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Research Abstracts Online
January - December 2011

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University of Minnesota Twin Cities
College of Food, Agricultural, and Natural Resource Sciences
Department of Entomology

PI: Timothy J. Kurtti

Divergent Evolution of Pathogenic and Mutualistic Rickettsiae

The goal of this project is to sequence the genomes of selected symbiotic rickettsiae that colonize ticks, in order to gain insight into the fundamental question of what a tick symbiont is. The central hypothesis is that ticks require symbiotic microbes for their survival, and that nonpathogenic rickettsiae fulfill this function. The researchers posit that a transition in genomic structure is driven by plasmids and mobile genetic elements (insertion sequences). They also predict that tick symbionts carry genes for conjugation and horizontal gene transfer between themselves, other rickettsiae, and possibly other genera of intracellular bacteria co-infecting the same tick. The genome sequences of two rickettsiae will shed light on the common features they share as symbionts. The researchers are sequencing rickettsial genomic DNA and are using software at MSI for their analyses.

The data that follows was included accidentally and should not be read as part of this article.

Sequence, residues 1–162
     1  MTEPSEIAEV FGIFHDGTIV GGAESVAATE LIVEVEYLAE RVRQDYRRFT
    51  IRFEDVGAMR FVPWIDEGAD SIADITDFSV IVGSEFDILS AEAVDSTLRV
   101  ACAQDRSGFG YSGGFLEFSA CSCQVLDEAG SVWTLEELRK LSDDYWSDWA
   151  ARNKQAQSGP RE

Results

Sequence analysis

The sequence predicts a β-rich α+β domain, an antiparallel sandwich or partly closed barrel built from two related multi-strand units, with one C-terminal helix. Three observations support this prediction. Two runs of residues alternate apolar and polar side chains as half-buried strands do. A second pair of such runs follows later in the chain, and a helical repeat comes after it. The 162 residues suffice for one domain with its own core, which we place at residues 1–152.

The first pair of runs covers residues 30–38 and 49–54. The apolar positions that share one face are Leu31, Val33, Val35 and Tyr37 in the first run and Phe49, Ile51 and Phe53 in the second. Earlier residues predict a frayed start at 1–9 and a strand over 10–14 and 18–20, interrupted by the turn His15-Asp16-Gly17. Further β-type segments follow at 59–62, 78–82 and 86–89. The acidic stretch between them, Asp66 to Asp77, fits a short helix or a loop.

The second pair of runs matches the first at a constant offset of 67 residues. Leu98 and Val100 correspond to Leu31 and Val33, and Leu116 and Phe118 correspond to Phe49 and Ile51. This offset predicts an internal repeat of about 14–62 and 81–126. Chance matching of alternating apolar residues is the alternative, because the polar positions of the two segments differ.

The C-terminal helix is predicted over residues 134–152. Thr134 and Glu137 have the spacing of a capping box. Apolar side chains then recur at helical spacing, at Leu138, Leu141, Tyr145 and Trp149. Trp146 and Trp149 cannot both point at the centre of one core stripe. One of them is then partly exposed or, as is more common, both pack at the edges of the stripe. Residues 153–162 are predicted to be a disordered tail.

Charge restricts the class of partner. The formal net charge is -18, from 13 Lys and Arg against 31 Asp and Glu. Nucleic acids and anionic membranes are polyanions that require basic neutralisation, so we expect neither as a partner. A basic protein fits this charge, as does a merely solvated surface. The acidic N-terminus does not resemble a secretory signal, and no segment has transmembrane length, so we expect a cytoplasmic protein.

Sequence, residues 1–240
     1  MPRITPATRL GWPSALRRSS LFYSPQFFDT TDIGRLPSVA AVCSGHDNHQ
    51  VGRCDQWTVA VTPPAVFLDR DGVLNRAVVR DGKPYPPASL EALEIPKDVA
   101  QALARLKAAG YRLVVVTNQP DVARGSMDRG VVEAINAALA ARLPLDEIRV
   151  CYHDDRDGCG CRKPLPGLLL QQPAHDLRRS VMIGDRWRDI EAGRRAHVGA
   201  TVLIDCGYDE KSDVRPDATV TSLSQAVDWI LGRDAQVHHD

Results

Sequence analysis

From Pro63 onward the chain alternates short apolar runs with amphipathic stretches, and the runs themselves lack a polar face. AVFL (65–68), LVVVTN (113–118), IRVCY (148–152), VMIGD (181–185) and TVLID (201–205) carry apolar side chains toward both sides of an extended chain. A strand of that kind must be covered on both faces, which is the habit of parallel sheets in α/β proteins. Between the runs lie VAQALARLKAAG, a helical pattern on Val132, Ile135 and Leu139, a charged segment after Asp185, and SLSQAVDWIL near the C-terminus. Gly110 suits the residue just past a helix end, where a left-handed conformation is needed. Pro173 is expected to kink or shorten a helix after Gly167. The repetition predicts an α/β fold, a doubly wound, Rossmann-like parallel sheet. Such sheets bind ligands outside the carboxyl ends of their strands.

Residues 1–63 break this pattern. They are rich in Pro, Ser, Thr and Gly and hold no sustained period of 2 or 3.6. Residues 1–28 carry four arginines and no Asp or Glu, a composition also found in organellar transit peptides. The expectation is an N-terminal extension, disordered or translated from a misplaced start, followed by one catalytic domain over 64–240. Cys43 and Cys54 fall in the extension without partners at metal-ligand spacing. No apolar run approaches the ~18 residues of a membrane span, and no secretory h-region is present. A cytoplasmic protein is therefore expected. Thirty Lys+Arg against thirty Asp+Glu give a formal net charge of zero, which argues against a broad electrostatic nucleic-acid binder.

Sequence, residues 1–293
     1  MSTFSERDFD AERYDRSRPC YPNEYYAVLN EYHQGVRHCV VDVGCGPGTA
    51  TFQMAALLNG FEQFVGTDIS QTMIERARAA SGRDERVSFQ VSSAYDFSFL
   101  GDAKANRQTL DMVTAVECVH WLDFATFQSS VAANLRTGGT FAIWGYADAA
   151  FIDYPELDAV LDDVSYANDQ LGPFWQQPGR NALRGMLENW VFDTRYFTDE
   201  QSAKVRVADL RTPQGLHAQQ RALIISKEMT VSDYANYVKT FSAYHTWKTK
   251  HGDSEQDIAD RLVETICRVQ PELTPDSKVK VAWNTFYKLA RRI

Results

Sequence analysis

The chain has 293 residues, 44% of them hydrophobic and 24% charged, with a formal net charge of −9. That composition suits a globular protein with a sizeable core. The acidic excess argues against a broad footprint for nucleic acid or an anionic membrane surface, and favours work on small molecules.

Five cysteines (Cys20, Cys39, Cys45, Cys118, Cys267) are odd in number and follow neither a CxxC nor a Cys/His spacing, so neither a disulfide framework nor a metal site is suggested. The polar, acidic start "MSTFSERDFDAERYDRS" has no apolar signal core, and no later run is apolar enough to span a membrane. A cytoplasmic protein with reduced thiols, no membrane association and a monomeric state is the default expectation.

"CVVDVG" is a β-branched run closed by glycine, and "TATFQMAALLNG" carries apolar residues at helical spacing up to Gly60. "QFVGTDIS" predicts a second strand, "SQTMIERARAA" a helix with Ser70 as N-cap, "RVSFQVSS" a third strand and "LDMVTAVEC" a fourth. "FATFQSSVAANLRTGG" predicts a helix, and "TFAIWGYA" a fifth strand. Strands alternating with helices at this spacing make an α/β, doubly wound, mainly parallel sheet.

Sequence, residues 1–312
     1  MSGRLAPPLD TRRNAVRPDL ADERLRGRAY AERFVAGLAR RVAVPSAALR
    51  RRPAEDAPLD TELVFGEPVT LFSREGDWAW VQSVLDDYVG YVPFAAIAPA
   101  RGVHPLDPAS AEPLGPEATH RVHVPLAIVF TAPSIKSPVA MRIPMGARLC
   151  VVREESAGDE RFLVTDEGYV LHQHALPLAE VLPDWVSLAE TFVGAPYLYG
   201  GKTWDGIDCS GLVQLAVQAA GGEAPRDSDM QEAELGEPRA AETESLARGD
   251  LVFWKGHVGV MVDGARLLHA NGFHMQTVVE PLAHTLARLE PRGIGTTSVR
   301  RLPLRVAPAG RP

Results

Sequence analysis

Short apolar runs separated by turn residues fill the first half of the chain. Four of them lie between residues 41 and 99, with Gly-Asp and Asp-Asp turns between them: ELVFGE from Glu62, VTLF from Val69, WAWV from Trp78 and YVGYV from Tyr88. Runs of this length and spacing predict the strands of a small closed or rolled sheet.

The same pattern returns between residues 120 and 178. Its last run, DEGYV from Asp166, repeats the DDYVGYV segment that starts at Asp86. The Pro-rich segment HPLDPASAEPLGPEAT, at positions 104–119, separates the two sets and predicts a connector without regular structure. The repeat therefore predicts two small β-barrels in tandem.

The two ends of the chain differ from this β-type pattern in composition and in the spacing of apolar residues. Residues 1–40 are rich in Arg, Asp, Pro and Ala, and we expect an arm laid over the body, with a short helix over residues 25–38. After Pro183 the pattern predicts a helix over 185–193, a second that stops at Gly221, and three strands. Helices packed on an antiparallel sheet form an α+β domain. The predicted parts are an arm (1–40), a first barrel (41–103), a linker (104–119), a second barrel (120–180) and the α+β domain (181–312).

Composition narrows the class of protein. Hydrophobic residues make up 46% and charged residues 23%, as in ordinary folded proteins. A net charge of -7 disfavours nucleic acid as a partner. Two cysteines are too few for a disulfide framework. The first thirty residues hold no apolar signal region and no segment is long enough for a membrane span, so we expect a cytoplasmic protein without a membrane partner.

Group Members

Nicole Y. Burkhardt, Staff
Rod Felsheim, Staff
Michael Herron, Staff
Ulrike G. Munderloh, Faculty Collaborator
Curt Nelson, Staff
Adela Sarahi Oliva Chavez, Graduate Student